For those who are serious about backcountry free-styling, there are plenty of areas where you can build some kickers in the off-piste areas for some serious fun.
Flims is divided into two parts: Flims-Dorf, the traditional village where you will find the base station, along with most amenities and Flims-Waldhaus where the majority of Flims' hotels are located. Flims is much quieter than Laax and hence more suited to families with younger children, especially because of the number of blue runs above the resort.
For the last three seasons, the town of Laax (1100m) has had a relatively one-dimensional feel to it- it lacks character and fails to capture the excitement of those who need more than just skiing from their winter holiday. Offering a supermarket, post office, a few shops and bakery, the only activity worth sampling, other than drinking in one of the bars, is recuperating from the days skiing in the Signia-Sport Golf Hotel's 'well being centre'. Offering two saunas, a steam room and a swimming pool, it is a great place to relax after a tough day's skiing. The shy should be warned however, it is unisex and removal of swimwear is compulsory. Other than this, visitors to Laax will be left wanting more, unless they can be fully entertained by the nightlife of a few bars and one night club for the duration of their stay.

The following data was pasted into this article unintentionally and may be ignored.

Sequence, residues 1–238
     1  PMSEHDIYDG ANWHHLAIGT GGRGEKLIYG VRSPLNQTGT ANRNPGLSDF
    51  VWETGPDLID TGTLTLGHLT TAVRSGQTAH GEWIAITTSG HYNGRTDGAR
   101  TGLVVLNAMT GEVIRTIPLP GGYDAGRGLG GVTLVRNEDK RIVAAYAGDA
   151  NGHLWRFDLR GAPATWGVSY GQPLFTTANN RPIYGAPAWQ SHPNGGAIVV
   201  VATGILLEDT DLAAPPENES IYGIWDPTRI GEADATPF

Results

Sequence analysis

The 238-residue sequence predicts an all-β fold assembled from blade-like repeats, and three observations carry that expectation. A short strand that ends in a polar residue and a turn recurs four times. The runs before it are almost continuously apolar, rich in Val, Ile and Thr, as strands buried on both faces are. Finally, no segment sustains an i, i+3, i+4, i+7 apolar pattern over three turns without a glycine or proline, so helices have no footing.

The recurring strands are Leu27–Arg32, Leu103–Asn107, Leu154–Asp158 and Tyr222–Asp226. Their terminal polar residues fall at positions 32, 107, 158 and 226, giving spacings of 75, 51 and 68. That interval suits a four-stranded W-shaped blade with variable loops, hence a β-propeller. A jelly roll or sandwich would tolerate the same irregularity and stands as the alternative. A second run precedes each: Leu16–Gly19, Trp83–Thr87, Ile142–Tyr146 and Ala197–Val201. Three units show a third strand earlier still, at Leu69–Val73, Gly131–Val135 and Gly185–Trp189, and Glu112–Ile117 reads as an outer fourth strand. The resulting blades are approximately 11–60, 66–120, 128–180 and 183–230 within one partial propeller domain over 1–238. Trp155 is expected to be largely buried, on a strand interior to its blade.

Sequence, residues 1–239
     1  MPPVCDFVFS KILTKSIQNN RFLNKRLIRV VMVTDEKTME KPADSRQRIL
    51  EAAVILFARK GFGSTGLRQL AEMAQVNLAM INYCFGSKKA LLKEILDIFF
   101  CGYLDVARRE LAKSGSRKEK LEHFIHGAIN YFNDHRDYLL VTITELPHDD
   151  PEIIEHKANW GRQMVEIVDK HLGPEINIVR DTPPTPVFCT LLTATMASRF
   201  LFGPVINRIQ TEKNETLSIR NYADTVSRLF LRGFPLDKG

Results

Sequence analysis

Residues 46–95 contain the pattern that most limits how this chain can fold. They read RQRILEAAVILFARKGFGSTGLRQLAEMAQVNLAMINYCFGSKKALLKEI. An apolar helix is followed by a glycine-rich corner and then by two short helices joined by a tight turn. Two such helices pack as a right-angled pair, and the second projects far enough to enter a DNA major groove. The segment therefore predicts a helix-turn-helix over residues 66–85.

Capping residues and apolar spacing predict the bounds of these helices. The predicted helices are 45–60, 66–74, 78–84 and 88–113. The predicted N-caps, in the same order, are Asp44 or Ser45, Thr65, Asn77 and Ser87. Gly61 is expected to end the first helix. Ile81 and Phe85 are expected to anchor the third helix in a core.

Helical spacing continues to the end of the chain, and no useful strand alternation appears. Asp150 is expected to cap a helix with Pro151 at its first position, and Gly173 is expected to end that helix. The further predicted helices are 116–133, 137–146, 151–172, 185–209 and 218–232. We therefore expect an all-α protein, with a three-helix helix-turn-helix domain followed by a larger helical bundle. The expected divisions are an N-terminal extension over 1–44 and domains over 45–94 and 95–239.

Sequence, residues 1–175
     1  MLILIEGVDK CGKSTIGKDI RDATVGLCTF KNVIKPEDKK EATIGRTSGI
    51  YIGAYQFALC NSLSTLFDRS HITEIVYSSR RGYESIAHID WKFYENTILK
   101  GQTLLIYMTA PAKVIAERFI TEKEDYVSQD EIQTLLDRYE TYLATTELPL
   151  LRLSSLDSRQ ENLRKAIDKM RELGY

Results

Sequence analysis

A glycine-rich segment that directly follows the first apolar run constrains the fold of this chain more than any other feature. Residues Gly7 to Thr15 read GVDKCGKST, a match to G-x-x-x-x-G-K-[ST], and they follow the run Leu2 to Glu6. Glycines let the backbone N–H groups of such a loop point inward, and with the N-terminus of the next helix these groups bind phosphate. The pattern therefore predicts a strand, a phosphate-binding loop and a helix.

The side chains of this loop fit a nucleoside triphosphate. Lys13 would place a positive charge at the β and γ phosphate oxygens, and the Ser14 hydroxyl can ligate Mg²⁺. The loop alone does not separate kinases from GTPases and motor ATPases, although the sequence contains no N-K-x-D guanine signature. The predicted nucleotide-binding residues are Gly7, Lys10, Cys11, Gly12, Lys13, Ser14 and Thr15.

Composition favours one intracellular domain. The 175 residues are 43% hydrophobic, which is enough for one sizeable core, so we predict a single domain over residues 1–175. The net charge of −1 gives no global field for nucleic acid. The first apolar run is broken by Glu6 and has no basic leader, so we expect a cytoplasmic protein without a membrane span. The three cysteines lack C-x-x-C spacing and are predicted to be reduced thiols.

However, it is probable that the character and provision of entertainment in the village will change. In early 2008, the building of the 'Rockresort' was complete- a building complex of apartments which are available to rent during the ski season. Along with this build, it is likely that other facilities will be established, such as a hair salon, more than a dozen shops and an additional six bars and restaurants.
Falera (1220m) is a very small town with a population of less than 600. It is however a beautiful village, renowned for its attractive church. The town is primarily occupied by the Swiss as a holiday home and with only one hotel, it is very rarely used by tourists.